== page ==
Metal 3D printing for the automotive industry
About the Automotive industry
One of the largest and most important industries for metal parts manufacturing, the automotive industry annually spends trillions producing parts across the manufacturing lifecycle, from research and development to prototyping to mass production and long-term aftermarket parts support.
With its ability to address manufacturers’ needs at each stage of that lifecycle, metal 3D printing opens many new opportunities for automotive manufacturers to make cars faster, better and more efficiently than ever before.
The challenges automotive manufacturers face begin with the often-lengthy - three to five years is common - research and development phase for new models. That long timeline means manufacturers must make decisions based on what they believe the market will look like years in the future.
When vehicles do enter mass production, car makers must take on the monumental task of preparing manufacturing lines to produce thousands of parts. That process involves tooling and programming thousands of machines, developing a wide range of manufacturing processes and more,
But it’s not limited to auto manufacturers - hundreds of Tier 1, 2 and 3 suppliers must also ramp up production lines, all while remaining flexible enough to deal with designs that may change, and specific changes made for different markets.
Finally, cars often remain on the road for 20 years or more, meaning manufacturers must deal with the complex and expensive proposition of providing spare parts for those vehicles. Many of those parts may be in such low demand that manufacturers can no longer justify the cost of producing them, leaving customers to search through scrapyards to find rare parts or purchase low-quality, third party parts.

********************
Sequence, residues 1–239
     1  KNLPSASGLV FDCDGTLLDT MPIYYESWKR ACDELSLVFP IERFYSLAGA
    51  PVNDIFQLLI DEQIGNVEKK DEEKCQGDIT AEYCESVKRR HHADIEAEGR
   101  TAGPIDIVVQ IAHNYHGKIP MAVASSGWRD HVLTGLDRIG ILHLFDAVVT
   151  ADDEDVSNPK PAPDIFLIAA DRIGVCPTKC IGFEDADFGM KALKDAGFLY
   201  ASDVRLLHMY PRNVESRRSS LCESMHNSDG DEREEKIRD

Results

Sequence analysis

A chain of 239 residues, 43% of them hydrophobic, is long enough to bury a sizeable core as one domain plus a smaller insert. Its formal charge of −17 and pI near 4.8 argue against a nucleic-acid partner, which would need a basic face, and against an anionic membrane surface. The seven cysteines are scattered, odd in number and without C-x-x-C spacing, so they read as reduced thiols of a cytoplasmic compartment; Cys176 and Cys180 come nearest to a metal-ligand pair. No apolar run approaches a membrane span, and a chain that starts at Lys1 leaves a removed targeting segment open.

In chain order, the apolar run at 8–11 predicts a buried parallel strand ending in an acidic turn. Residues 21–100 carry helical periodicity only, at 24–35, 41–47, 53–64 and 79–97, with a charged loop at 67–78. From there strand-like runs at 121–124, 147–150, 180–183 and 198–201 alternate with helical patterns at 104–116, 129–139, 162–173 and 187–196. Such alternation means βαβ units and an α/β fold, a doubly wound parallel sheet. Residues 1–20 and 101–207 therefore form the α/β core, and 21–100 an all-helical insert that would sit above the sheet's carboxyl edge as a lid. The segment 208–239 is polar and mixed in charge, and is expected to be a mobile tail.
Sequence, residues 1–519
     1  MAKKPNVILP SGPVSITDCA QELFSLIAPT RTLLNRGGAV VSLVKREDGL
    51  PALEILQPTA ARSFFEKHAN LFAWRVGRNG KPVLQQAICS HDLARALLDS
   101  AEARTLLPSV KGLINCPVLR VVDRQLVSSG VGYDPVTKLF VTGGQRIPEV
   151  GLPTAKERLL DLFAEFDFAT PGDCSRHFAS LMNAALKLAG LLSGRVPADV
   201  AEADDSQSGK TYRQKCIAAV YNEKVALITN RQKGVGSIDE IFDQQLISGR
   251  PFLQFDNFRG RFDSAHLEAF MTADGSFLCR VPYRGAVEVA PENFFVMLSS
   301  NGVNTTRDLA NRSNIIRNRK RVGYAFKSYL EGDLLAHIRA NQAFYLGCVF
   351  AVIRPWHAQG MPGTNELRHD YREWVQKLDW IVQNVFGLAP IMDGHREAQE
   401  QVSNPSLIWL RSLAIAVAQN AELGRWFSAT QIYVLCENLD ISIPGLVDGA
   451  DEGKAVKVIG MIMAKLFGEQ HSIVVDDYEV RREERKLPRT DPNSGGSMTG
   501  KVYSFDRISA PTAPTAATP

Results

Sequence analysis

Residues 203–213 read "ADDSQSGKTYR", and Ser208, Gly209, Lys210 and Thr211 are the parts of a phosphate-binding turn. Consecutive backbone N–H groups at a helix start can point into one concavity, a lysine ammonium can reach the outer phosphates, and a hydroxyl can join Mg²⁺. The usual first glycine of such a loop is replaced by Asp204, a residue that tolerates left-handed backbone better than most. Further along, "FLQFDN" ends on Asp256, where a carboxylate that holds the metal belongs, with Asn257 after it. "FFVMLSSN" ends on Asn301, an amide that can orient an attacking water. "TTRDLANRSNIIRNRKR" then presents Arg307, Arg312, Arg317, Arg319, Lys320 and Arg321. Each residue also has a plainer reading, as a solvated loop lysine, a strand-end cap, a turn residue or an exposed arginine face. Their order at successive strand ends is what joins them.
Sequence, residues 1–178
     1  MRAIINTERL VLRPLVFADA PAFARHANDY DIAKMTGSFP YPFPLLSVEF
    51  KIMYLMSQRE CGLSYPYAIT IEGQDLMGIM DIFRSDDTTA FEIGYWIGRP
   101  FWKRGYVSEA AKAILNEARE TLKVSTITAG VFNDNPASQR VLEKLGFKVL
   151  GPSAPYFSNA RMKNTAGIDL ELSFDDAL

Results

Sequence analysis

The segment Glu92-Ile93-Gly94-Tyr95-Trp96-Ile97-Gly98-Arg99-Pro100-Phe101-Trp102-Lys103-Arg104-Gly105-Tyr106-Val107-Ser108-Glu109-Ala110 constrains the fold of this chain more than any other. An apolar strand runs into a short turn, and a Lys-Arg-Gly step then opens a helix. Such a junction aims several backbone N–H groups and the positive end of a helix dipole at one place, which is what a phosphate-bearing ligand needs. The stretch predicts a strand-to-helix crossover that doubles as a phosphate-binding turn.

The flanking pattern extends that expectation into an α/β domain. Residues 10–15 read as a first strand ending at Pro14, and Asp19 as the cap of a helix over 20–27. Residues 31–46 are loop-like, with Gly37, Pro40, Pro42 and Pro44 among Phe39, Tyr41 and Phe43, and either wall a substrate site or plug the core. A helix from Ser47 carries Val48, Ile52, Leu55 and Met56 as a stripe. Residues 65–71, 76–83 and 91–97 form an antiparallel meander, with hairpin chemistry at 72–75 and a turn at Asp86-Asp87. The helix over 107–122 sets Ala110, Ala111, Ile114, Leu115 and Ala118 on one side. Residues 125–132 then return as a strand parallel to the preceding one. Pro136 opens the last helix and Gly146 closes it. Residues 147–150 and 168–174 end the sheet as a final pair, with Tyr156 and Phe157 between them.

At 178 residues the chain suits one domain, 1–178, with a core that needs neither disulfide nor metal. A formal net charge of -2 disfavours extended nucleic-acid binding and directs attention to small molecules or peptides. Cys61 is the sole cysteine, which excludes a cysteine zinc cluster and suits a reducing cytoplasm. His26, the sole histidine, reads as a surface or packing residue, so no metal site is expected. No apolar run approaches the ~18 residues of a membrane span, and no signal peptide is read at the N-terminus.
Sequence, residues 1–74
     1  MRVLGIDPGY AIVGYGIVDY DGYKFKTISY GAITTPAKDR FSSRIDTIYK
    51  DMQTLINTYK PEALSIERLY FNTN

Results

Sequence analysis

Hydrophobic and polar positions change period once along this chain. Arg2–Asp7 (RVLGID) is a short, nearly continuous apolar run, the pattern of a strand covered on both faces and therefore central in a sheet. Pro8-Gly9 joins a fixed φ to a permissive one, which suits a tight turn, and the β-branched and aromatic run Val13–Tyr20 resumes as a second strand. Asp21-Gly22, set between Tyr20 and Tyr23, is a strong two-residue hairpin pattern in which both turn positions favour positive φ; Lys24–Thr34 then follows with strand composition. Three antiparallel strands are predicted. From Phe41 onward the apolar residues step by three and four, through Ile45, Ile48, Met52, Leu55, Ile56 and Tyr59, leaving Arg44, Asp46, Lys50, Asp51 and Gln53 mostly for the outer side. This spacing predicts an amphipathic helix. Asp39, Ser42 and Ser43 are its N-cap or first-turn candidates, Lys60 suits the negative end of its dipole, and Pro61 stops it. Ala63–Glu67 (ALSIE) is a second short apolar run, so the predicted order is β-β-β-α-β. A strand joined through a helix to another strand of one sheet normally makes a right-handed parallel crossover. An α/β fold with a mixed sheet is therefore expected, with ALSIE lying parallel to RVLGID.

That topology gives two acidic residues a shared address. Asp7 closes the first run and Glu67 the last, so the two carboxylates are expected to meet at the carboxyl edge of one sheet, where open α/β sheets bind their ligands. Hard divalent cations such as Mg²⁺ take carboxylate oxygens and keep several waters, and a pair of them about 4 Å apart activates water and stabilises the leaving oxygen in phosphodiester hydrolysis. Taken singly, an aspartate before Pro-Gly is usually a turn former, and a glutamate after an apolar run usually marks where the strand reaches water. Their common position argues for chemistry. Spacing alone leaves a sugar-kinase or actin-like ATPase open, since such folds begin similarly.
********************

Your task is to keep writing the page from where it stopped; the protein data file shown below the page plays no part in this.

Using metal 3D printing, engineers can dramatically reduce portions of the long research and development timeline, leading to a faster time to market. By speeding up research and development, engineers also have more time to iterate on and optimize designs, leading to improvements in fuel efficiency, performance benefits and overall cost savings.
With the ability to quickly produce custom fixtures and tooling that would otherwise be prohibitively expensive, additive technology makes it easy for manufacturers to optimize production lines.
The technology can also make production lines more flexible. As design changes are made, manufacturers may have to produce new parts for vehicles that may be produced in relatively low numbers. Rather than commit to the time and expense of creating complex tooling or long lead times for third-party suppliers, manufacturers can simply print the parts and keep manufacturing lines running smoothly.
Aftermarket parts - especially those that were once cast - can be easily supported by metal 3D printing. Rather than keeping a huge inventory of tooling for casting parts in large lots of a few thousand, manufacturers can meet the lower demand for parts by printing them on demand as customers order them.
Killacycle Taper Lock Coupling (Shop System)
This part is a taper lock coupling designed for a high-end, custom motorcycle.
The Killacycle is an electrically-powered motorcycle built for drag racing. Using the Shop System, engineers were able to design for function rather than for the manufacturing method, allowing them to use a tapered design that would be difficult to manufacture via traditional methods.